Cancer Patient Wants Brittany Maynard's Option to Die With Dignity

PHOTO: Jennifer Glass was diagnosed with advanced lung cancer just four months after her 2012 wedding.PlayJennifer Glass
WATCH Woman Poses Daily to Document Year With Lung Cancer

Writer Jennifer Glass has been living with advanced lung cancer for nearly two years and has just a 5 percent chance of surviving past the next five years.

Glass, 51, hopes that within the next few years her home state of California will change its laws to allow a "death with dignity" option similar to the right invoked this past weekend by Brittany Maynard who ended her life in Oregon before experiencing the worst effects of her terminal brain tumor. Maynard had to move from California to Oregon to be able to legally get the help she needed to end her life.

Glass’ life has not stopped after her 2013 diagnosis, which occurred just four months after she was married. She has been speaking and writing about her experiences in the outlets Parade Magazine and Huffington Post in the hopes her story will help others in a similar situation.

Earlier this year she posted a video of her transformation during a year of cancer treatments that went viral with over 300,000 views.

One way Glass has also tried to change the conversation about living with cancer by confronting her death and her options.

Glass said if her cancer does run its course and it becomes clear she has only a short time left to live, she wants to be able to control decisions about the end of her life.

“The only control I have is how that happens and I want that control for myself,” Glass said.

For the past year Glass has worked with Compassion and Choices, the same non-profit organization that worked with Maynard as she approached the end of her life.

Maynard made national headlines this year after announcing her decision to die on a Nov. 1. Maynard, who was diagnosed with a terminal brain tumor, had moved from her home in northern California to Oregon in order to legally be prescribed medication to end her life.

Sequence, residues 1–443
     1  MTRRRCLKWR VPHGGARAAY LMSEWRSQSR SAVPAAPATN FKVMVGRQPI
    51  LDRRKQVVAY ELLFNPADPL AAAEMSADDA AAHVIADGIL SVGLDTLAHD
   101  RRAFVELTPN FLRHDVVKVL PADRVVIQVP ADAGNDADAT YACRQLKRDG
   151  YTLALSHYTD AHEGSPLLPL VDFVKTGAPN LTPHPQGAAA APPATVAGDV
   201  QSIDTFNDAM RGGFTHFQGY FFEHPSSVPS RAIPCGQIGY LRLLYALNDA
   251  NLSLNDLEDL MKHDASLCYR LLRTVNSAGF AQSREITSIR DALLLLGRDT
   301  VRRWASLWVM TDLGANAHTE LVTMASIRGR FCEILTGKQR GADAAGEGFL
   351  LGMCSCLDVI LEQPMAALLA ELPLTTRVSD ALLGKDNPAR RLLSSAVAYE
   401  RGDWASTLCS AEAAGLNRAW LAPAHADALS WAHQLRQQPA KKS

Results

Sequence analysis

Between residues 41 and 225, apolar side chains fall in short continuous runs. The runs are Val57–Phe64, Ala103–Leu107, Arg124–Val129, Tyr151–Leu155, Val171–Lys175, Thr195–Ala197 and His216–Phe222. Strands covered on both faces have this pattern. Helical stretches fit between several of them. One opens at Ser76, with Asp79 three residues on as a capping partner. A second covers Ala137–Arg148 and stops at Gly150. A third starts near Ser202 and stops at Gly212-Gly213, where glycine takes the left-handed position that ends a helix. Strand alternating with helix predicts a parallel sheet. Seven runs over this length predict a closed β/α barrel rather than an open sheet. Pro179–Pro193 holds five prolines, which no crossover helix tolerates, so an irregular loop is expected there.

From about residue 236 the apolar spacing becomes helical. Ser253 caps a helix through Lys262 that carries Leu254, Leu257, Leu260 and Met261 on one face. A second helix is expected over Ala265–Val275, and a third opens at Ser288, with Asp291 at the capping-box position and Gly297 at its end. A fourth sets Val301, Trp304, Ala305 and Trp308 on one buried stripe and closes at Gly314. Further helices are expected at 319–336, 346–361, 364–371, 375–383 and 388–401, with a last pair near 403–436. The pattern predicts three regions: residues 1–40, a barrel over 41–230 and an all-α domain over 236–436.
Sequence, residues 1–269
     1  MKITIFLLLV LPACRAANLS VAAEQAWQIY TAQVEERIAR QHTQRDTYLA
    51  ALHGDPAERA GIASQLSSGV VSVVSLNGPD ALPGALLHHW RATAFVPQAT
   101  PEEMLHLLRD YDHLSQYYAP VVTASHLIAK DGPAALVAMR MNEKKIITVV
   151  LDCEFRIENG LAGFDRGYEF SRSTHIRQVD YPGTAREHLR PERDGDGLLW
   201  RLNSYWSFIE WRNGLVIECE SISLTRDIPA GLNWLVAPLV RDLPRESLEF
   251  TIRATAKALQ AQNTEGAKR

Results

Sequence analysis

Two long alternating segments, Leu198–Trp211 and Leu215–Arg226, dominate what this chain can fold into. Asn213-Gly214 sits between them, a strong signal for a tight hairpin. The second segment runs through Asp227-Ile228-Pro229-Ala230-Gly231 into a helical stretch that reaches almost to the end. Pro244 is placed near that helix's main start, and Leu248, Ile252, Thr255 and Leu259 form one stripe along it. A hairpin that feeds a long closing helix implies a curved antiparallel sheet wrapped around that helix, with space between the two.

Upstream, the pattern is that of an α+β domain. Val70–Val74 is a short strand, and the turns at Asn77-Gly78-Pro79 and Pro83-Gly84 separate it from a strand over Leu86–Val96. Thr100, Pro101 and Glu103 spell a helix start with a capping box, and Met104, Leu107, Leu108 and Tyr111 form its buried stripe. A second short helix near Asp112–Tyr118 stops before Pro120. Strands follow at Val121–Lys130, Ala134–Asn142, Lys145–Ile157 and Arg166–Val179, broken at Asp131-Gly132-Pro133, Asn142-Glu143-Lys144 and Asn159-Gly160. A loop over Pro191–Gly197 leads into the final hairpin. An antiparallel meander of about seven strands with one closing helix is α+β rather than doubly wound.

Maynard died on Saturday and her obituary posted at the Compassion and Choices website included her wish she had the option to stay in California.

PHOTO: Brittany Maynard is pictured in this undated file photo. Maynard Family/AP Photo
Brittany Maynard is pictured in this undated file photo.

“She moved to Oregon to pass away in a little yellow house she picked out in the beautiful city of Portland,” read the obituary. “She wished that her home State of California had also been able to provide terminally ill patients with the same choice. “

Glass said she hopes she will not have to move like Maynard did.

“I would be devastated if I have to leave my home just so I can die the way I want to,” said Glass.

The intense public reaction to Maynard’s decision and her death has given Glass her hope that people will be open to learning about death with dignity legislation and be supportive of it in California.

“I think it’s an issue whose time has come,” said Glass. “ We’re living in a time of unprecedented choice... We expect and demand all of these choices because they influence a quality of life. That has to include end of life. “

After Maynard’s death, Glass hopes that she and others at Compassion and Choices will be able to change California’s law so that state residents will be able to have the same option Maynard did.

PHOTO: Jennifer Glass wants to create a conversation about end-of-life options.Jennifer Glass
Jennifer Glass wants to create a conversation about end-of-life options.

Toni Broaddus, California campaign director for Compassion & Choices, said the organization had a five-year campaign plan for the state that she hopes will end with terminally ill patients legally being able to obtain a prescription of a life-ending drug from a doctor.

With Maynard’s story making headlines and people like Glass now speaking out, Broaddus hopes the original timeline might be condensed.

“We’re really pushing the local strategy hard, looking at what else is possible that we didn’t think was possible for a few years,” Broaddus said.

Glass said the five-year time line was particularly meaningful since a “three to five year window” is her likely prognosis.

“I’m really focused and hopeful that if and when the time comes for me, I will have a legal option and not be forced about potentially [leaving] my home,” she said. Editor’s Note: This article corrects an error made in an earlier version, which incorrectly cited the year of Glass’ cancer diagnosis; she was actually diagnosed in 2013. It also clarifies other points.